Must an employer put a disciplinary investigation on hold pending the outcome of a police investigation into an employee?

Almost always, no.

The facts

Mr Gregg was a doctor with North West Anglia NHS Foundation Trust and was facing disciplinary, regulatory and police enquiries after the death of two patients.

He was suspended on full pay whilst a police investigation was carried out. His  professional disciplinary body temporarily suspended Mr Gregg’s  registration and withdrew his licence. When the NHS Trust sought to stop his pay, he brought proceedings in the High Court.

The High Court granted an injunction which prevented disciplinary proceedings until the criminal investigation and proceedings had been concluded since continuing with the disciplinary process would breach the duty to maintain trust and confidence.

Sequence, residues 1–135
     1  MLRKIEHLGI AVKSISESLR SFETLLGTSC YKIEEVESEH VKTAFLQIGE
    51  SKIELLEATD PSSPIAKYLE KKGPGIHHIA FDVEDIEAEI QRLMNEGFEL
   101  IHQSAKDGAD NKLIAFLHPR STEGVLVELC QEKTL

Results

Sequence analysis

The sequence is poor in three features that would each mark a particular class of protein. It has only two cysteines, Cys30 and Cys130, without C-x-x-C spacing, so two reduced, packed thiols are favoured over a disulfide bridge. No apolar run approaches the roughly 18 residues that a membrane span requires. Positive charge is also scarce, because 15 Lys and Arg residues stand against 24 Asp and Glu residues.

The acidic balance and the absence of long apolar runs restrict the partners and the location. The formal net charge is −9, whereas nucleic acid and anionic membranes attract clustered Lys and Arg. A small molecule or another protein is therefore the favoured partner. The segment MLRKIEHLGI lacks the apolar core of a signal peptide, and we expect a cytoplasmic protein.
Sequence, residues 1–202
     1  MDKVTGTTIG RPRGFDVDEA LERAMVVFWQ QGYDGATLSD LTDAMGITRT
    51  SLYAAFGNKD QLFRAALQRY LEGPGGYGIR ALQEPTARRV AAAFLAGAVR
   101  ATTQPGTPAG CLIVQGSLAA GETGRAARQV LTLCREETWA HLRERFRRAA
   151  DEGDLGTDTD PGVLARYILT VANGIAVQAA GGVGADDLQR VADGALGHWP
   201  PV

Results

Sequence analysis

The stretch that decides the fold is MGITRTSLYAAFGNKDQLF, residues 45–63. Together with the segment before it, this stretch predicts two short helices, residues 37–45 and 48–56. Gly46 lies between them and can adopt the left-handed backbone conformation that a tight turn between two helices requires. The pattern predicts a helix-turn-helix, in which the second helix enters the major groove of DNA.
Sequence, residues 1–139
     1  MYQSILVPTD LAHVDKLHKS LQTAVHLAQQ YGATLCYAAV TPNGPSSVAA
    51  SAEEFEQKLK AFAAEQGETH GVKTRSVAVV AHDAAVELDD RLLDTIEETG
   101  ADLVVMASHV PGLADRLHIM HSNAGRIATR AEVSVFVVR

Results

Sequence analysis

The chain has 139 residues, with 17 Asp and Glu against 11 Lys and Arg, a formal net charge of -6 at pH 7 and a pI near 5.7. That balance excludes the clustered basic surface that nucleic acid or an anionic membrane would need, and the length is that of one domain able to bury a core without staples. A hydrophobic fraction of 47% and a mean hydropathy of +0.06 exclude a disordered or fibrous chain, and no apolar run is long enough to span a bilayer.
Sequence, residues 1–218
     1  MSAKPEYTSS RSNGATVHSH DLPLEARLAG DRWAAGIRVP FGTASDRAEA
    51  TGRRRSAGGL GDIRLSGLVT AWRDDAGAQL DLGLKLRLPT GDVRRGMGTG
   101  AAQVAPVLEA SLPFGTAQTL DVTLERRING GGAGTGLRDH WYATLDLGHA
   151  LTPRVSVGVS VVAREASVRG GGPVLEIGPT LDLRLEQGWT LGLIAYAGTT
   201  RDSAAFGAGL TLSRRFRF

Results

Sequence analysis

The appeal

The Court of Appeal overturned the injunction. The question was whether the conduct of the Trust was calculated to destroy or seriously damage the working relationship, and even if it was, whether there was reasonable and proper cause for their decision.

The Trust was following its own contractual disciplinary procedures which the doctor was himself contractually obliged to participate in. Only a real danger of injustice would justify an injunction.

The Court of Appeal agreed with the High Court that the suspension had to be with pay during the. If the employer wanted to maintain the power to suspend without pay, it should have said so in the contract. It didn’t.

Dr Gregg was ‘ready, willing and able’ to work, and the suspension was involuntary, this would not permit unpaid suspension in all but exceptional circumstances.The Court of Appeal also held that it would not have been wrong for the Trust, having started to investigate alleged misconduct, to ‘side-step’ the conduct disciplinary process by considering termination on the basis of the doctor losing his licence. The contract allowed for alternative grounds for termination.

North West Anglia NHS Foundation Trust v Gregg

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